Veronica Peshterianu is a producer at Astroneer dev System Era Softworks and will be at GDC 2018 to present the talk “Hello, I’m Your Producer: Strategies for Succeeding On a Team without Production.”
Her Production & Team Management Track talk will discuss strategies that can be used by new producers stepping into the role for the first time, as well as introducing production methodologies for building a foundation of trust with a development team. Here, Peshterianu gives us information about herself and what she does.
Tell us about yourself and what you do in the games industry.
I am a producer and I work at System Era, an independent game studio in Seattle, WA. Over the course of my career I’ve had the pleasure of working on some of the most beloved game franchises like Halo and Plants vs. Zombies.
What inspired you to pursue your career?
Playing, talking, and thinking about games in high school inspired me to pursue games as a career. At that time, I thought that I would have to go into engineering, art, or design to be a game developer, which led me to study Computer Science in university. It wasn’t until graduate school, when I interned at Electronic Arts as a producer, that I learned about production as a discipline. It was a huge revelation for me! I was thrilled that there was a role in game development that combined my way of thinking through problems with my enjoyment of working with others.
Without spoiling it too much, tell us what you’ll be talking about at GDC.
I’ll be sharing some tips and strategies for those joining a team as the first producer. This is not an often covered subject, but happens regularly, especially in the indie games space. My goal is for attendees to take away a few actionable strategies that can help forge a strong partnership between production and the other disciplines from the start.
What are some of the biggest challenges you face in your work?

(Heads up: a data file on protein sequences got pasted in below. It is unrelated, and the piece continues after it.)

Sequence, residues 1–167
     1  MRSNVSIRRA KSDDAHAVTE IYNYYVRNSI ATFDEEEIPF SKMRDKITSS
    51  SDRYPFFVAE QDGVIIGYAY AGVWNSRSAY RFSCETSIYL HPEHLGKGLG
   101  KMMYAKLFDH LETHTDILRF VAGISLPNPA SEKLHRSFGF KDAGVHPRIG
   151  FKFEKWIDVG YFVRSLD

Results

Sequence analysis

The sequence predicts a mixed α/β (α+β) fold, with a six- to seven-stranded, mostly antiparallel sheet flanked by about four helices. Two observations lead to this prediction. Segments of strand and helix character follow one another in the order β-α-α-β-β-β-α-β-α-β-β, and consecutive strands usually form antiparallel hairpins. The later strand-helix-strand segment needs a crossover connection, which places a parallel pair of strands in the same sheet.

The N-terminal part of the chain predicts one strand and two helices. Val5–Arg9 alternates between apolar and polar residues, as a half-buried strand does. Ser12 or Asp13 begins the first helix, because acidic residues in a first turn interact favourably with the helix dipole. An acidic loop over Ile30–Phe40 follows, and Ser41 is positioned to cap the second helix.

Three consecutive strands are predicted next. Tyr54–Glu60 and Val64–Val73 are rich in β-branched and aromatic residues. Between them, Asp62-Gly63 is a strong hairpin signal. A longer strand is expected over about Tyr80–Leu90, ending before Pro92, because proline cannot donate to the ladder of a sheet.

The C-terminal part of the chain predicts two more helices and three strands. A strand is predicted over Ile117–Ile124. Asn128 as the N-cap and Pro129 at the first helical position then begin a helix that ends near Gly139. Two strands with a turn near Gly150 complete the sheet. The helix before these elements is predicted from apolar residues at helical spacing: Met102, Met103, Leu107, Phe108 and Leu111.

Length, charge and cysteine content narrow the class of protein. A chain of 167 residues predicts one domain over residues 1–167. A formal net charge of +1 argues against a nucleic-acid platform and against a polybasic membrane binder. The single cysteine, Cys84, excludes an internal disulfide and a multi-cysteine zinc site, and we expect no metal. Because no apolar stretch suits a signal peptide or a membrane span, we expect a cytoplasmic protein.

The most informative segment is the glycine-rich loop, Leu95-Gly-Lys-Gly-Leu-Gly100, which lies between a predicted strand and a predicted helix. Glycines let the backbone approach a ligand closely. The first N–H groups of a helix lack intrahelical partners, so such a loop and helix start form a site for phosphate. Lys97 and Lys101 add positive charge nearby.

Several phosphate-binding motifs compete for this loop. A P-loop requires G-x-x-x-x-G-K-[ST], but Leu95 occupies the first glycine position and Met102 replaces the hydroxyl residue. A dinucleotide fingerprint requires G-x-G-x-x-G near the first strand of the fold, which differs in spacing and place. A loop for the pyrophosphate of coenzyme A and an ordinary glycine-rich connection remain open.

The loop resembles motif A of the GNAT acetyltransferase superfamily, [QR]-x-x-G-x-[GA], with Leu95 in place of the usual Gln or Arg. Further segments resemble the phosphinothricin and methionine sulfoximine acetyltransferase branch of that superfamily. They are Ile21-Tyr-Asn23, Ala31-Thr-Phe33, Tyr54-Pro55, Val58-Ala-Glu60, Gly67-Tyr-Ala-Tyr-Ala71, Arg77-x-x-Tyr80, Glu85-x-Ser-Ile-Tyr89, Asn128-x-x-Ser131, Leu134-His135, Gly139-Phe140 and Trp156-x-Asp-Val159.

The hardest thing to balance as a producer is our collective desire to do the best, coolest things, with the realities of development. As producers, we want to help a team accomplish everything they are excited about, but sometimes we have to be the voice of realities and help work toward a compromise.
What are the most rewarding parts of your job?
I love it when the team feels successful. You can sense the electricity in the air when folks feel like they’ve accomplished something amazing together. Knowing that I helped make that happen is by far the most rewarding part of the job.
What are some of the benefits of having a producer on your development team?
One of the major benefits is having someone on the team that is keeping the larger context of the project in mind rather than just one aspect or feature. A producer can help facilitate discussion and new ideas and compromise when necessary because they have an understanding of all the various threads that go into making a game. Another benefit is representing the player in discussions, whether technical, design, or business-focused. The producer can advocate on behalf of the community and fans who will be experiencing the end product.
Are there any misconceptions about what a producer does for a team?
The biggest one I’ve encountered is the assumption that all producers do is take notes and keep the schedule, which couldn’t be further from the truth. But there is so much more to keeping a team and project going strong!
Do you have any advice for those aspiring to join your field someday?
This discipline isn’t just about spreadsheets and burn down charts, it’s also about how to help a team gel and succeed. Strive to find the balance between the hard project and business management side and the softer human interaction side.